I want to put aside theology and belief for now and discuss the other side of religion – once you’ve subscribed to it, what it demands of you. It’s not unconnected to belief because when you look into what religion demands of its followers, whether it makes sense or not influences whether you believe in the religion or not.
Even when you think it makes some sense, if it’s extemely difficult and would impact on your life in what you feel is a negative way, your commitment to the religion can wane. Then if you’ve never done so before, you can start to ask questions about the theology and work out whether there was any reason to be committed in the first place.
This is what happened with me and Christianity. I couldn’t lay my dreams aside, and I couldn’t tolerate being at the mercy of nonsensical rules that allowed me to be trampled upon and then being told to just forgive.
I have the same problem with Islam. It won’t let me fulfil my dreams either. My dream of having my own home and living in it until I die couldn’t happen in a mainstream interpretation of Islam because (i) mortgages with interest are not allowed (ii) inheritance from non-Muslim relatives is not allowed (iii) even if we moved to my husband’s country, I have no idea if I’d be allowed to live in my husband’s part of the family house after his death. (He is 11 years older than me so I have to think about that.)
Perhaps there is a less literal, more spiritual interpretation to be made, which doesn’t imitate 7th century partriarchy and tribalism. But I’m under a lot of stress to find it.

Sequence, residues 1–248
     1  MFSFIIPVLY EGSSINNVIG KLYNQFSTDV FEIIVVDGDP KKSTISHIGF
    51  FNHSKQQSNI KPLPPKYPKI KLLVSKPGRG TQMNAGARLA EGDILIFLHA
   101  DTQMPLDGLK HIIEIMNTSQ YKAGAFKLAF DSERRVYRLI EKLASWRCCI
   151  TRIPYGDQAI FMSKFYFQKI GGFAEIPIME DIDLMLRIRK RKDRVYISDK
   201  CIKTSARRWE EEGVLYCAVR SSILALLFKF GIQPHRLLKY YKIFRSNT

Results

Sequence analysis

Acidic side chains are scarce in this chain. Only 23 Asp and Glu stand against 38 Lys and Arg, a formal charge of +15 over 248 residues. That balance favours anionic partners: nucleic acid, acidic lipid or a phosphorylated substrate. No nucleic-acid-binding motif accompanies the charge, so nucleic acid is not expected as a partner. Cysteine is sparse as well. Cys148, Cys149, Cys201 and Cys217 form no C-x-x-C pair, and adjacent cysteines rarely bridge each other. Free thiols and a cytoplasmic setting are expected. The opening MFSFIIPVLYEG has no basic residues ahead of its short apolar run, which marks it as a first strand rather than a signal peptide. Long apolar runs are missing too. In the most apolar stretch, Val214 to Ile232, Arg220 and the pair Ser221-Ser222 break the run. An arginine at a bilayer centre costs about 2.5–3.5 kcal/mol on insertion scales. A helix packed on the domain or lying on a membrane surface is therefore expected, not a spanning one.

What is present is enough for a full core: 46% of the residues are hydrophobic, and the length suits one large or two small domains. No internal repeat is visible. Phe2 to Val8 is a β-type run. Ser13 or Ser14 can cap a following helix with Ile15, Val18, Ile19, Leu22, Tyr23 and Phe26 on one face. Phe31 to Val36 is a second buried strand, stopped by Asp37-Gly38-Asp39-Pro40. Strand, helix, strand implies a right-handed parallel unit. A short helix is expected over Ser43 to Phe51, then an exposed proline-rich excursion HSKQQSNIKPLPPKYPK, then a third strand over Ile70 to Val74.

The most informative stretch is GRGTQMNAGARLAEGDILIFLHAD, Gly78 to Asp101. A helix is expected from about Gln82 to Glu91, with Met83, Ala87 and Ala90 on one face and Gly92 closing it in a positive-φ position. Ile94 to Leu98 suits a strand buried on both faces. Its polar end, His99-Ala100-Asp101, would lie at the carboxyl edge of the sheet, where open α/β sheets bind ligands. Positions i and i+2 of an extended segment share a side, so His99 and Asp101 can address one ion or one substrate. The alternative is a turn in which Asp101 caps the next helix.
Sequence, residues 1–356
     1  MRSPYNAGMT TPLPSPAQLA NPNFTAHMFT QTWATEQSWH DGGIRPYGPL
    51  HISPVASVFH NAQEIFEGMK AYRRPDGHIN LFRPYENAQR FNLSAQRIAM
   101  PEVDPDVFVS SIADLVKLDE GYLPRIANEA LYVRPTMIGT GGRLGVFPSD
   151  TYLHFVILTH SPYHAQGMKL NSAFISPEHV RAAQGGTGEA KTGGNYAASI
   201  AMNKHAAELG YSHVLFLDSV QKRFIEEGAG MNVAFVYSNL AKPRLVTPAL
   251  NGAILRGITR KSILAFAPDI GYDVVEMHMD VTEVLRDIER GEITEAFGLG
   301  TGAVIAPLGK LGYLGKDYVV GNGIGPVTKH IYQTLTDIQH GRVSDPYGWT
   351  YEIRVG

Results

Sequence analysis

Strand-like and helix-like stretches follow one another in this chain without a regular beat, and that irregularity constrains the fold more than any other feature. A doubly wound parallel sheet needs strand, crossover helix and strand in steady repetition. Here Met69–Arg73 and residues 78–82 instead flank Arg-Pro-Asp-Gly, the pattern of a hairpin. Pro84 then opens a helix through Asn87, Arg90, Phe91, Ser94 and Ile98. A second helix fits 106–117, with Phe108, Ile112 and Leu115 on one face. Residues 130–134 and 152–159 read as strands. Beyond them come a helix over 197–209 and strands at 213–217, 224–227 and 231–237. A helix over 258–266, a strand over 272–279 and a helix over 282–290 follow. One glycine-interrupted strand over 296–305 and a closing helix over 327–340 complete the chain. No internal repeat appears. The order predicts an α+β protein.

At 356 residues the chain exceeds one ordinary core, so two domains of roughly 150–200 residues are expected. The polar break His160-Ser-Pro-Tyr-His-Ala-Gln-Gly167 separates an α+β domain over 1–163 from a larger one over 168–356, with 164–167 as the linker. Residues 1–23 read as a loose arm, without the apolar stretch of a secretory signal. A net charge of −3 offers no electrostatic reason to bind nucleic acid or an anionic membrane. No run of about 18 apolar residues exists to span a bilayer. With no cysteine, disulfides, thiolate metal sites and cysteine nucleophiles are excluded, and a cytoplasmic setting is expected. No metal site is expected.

My religious indecision is part of the larger stress of an unclear life plan. The fear and doubt comes from needing security every time. Needing to know that the structures I put my trust in will be good for my livelihood, not bad. Perhaps it’s selfish, and faithless, but I may as well be honest about that.
I think that we will never have children. That takes financial pressure off us, and psychological pressure off me to make my mind up about religion before my fertility runs out. And really, the world is going down… global warming, pandemic killer diseases, war, famine… is it really a good idea to make more people? Why would I want to have kids that I would love, only to make them suffer through this awful life? That’s real selfishness, is it not?
I also think that wherever we end up living, it will not be his country… he doesn’t even want to live there. Wherever it is, I am going to have to work and contribute to a house. To have some chance of not being homeless when I am old. This thought makes me so unhappy. I am not lazy to work, just don’t think I will find a job I am good at.
The demands of religion are hard enough when you have faith. Without faith, they are just extremely off-putting. I think faith grows with practice, but I also know all too well how it can be extinguished by religious pain, so I am very distrustful of religion, constantly finding reasons to ignore the cry of my heart for spiritual nourishment. I don’t trust myself to be able to have faith. Even though it’s a way of being that I really want.
I’m tired of wrestling with religion. Every way I turn it just seems to get harder and harder. Faith is not there… I can’t see the wood for the trees.